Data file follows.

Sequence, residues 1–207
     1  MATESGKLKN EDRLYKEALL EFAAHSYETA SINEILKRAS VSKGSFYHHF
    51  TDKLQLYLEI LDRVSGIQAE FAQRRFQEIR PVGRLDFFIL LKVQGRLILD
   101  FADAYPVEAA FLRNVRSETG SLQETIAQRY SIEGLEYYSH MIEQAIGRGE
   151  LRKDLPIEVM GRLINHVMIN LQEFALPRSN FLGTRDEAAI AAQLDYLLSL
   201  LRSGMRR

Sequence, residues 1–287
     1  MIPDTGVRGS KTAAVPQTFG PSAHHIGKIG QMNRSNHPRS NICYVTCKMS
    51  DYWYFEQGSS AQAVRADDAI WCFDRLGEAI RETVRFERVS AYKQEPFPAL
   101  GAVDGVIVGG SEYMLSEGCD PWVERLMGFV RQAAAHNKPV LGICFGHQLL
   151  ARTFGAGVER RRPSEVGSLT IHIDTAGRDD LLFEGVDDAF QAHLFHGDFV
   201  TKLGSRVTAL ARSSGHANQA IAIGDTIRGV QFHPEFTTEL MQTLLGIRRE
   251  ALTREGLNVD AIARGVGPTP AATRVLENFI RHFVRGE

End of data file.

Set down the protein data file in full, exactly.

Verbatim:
Sequence, residues 1–207
     1  MATESGKLKN EDRLYKEALL EFAAHSYETA SINEILKRAS VSKGSFYHHF
    51  TDKLQLYLEI LDRVSGIQAE FAQRRFQEIR PVGRLDFFIL LKVQGRLILD
   101  FADAYPVEAA FLRNVRSETG SLQETIAQRY SIEGLEYYSH MIEQAIGRGE
   151  LRKDLPIEVM GRLINHVMIN LQEFALPRSN FLGTRDEAAI AAQLDYLLSL
   201  LRSGMRR

Sequence, residues 1–287
     1  MIPDTGVRGS KTAAVPQTFG PSAHHIGKIG QMNRSNHPRS NICYVTCKMS
    51  DYWYFEQGSS AQAVRADDAI WCFDRLGEAI RETVRFERVS AYKQEPFPAL
   101  GAVDGVIVGG SEYMLSEGCD PWVERLMGFV RQAAAHNKPV LGICFGHQLL
   151  ARTFGAGVER RRPSEVGSLT IHIDTAGRDD LLFEGVDDAF QAHLFHGDFV
   201  TKLGSRVTAL ARSSGHANQA IAIGDTIRGV QFHPEFTTEL MQTLLGIRRE
   251  ALTREGLNVD AIARGVGPTP AATRVLENFI RHFVRGE